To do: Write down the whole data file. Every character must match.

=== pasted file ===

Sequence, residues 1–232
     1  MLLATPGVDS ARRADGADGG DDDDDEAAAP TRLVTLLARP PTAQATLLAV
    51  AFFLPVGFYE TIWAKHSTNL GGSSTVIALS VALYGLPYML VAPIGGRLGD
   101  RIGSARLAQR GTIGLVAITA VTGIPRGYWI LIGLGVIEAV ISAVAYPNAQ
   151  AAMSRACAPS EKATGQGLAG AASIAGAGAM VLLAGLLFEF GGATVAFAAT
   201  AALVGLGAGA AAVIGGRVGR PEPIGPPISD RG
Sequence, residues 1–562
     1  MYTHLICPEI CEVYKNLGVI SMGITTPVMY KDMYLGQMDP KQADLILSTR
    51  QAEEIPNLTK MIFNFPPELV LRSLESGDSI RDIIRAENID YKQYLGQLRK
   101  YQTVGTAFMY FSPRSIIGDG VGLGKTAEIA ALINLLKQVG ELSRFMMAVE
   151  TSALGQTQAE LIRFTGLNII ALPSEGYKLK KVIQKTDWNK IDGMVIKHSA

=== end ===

Sequence, residues 1–232
     1  MLLATPGVDS ARRADGADGG DDDDDEAAAP TRLVTLLARP PTAQATLLAV
    51  AFFLPVGFYE TIWAKHSTNL GGSSTVIALS VALYGLPYML VAPIGGRLGD
   101  RIGSARLAQR GTIGLVAITA VTGIPRGYWI LIGLGVIEAV ISAVAYPNAQ
   151  AAMSRACAPS EKATGQGLAG AASIAGAGAM VLLAGLLFEF GGATVAFAAT
   201  AALVGLGAGA AAVIGGRVGR PEPIGPPISD RG
Sequence, residues 1–562
     1  MYTHLICPEI CEVYKNLGVI SMGITTPVMY KDMYLGQMDP KQADLILSTR
    51  QAEEIPNLTK MIFNFPPELV LRSLESGDSI RDIIRAENID YKQYLGQLRK
   101  YQTVGTAFMY FSPRSIIGDG VGLGKTAEIA ALINLLKQVG ELSRFMMAVE
   151  TSALGQTQAE LIRFTGLNII ALPSEGYKLK KVIQKTDWNK IDGMVIKHSA